Summary: Ethnic differences in renal calcium and phosphate excretion exist, which may depend on differences in their dietary intakes and regulatory factors. We report highly significant differences in urinary calcium and phosphate excretion between white British and Gambian adults after statistical adjustment for mineral intakes, indicating an independent effect of ethnicity.
Introduction: Populations vary in their risk of age-related osteoporosis. There are racial or ethnic differences in the metabolism of the bone-forming minerals calcium (Ca) and phosphate (P), with a lower renal Ca and P excretion in African-Americans compared to white counterparts, even at similar intakes and rates of absorption. Also, Africans in The Gambia have a lower Ca excretion compared to white British subjects, groups known to differ in their dietary Ca intake. Here, we report on differences in urinary Ca and P excretion between Gambian and white British adults while allowing for known predictors, including dietary intakes.
Methods: Participants were healthy white British (n = 60) and Gambian (n = 61) men and women aged 60–75 years. Fasting blood and 2-h urine samples were collected. Markers of Ca and P metabolism were analysed. Dietary intake was assessed with country-specific methods.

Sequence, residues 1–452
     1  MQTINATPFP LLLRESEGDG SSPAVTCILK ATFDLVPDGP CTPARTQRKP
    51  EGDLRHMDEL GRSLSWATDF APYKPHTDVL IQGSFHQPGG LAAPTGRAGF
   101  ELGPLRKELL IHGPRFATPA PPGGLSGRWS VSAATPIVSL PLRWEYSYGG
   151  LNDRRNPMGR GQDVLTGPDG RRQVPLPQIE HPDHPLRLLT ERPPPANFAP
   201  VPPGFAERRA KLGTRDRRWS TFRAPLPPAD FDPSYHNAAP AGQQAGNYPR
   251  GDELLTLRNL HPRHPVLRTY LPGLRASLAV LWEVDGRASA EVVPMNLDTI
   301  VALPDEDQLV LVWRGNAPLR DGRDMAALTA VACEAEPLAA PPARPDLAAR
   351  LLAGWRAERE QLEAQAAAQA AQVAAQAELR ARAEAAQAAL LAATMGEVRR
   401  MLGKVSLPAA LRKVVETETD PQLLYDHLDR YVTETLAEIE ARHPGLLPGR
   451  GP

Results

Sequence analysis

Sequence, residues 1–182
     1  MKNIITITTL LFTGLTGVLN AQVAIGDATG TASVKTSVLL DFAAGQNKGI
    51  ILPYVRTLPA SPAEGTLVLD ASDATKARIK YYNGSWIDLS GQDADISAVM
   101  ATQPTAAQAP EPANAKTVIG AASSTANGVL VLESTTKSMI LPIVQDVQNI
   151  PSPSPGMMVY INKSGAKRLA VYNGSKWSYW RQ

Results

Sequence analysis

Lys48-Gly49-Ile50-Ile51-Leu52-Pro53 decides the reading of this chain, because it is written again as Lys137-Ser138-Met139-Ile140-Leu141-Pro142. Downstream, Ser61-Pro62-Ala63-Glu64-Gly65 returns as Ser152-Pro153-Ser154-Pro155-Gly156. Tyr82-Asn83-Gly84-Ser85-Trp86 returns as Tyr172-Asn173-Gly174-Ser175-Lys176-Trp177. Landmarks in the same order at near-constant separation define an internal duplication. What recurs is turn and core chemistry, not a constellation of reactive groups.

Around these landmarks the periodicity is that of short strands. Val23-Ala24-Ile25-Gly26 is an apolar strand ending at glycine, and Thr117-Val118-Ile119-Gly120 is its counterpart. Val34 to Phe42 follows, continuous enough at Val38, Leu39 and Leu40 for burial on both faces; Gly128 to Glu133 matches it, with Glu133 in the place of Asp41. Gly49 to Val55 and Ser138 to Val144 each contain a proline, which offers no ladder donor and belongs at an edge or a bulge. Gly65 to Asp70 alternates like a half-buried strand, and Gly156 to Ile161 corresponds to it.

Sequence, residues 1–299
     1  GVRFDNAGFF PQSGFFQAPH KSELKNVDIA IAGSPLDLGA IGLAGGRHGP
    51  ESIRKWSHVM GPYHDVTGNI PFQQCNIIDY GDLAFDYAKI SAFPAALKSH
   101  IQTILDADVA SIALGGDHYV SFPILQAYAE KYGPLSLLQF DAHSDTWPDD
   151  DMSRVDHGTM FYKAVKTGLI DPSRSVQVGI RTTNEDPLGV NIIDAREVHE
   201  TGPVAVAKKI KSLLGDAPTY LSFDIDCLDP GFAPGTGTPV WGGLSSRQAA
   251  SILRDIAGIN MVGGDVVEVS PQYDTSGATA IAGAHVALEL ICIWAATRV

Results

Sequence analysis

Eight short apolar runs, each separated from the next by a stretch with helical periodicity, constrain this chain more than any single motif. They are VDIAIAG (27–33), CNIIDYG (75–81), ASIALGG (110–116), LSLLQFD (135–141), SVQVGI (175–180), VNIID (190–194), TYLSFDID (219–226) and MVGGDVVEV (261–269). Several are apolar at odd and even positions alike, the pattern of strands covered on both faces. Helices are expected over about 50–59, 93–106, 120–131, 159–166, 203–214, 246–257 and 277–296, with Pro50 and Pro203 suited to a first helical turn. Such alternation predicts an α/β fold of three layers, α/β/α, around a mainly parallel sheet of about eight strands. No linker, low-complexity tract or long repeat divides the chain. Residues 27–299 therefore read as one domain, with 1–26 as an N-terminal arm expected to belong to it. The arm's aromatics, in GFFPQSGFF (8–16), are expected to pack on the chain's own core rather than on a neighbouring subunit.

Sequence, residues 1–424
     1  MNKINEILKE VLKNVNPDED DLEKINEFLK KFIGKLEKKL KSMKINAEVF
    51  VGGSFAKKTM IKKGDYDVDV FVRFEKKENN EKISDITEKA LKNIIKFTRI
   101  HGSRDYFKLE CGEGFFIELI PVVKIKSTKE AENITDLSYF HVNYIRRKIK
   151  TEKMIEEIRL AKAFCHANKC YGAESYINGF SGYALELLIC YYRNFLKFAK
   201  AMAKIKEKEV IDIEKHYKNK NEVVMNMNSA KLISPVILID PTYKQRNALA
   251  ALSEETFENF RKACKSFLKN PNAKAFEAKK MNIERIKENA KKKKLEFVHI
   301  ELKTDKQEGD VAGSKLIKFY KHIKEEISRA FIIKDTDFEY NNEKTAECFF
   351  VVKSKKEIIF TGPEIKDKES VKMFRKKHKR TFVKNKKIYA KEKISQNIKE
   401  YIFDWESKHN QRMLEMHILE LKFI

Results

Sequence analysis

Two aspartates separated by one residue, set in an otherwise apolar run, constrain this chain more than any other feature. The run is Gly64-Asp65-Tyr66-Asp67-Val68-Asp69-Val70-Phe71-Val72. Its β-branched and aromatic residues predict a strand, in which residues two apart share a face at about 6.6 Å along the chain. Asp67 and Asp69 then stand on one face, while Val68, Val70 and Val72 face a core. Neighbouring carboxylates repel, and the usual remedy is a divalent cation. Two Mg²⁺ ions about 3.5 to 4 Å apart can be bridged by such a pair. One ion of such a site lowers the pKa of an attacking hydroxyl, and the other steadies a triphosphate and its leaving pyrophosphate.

Results: White British older adults had higher creatinine-corrected urinary Ca and P excretion (uCa/uCr, uP/uCr) and lower tubular maximum of Ca and P compared to Gambian counterparts. The predictors of urinary Ca and P differed between groups. Multiple regression analysis showed that dietary Ca and Ca/P were predictors of uCa/uCr and uP/uCr, respectively. Ethnicity remained a significant predictor of uCa/uCr and uP/uCr after adjustment for diet and other factors.
Conclusions: Gambian older adults have higher renal Ca conservation than British counterparts. Dietary mineral intakes were predictors of the differences in urinary Ca and P excretion, but ethnicity remained a highly significant predictor after statistical adjustment. This suggests that ethnicity has an independent effect on renal Ca and P handling.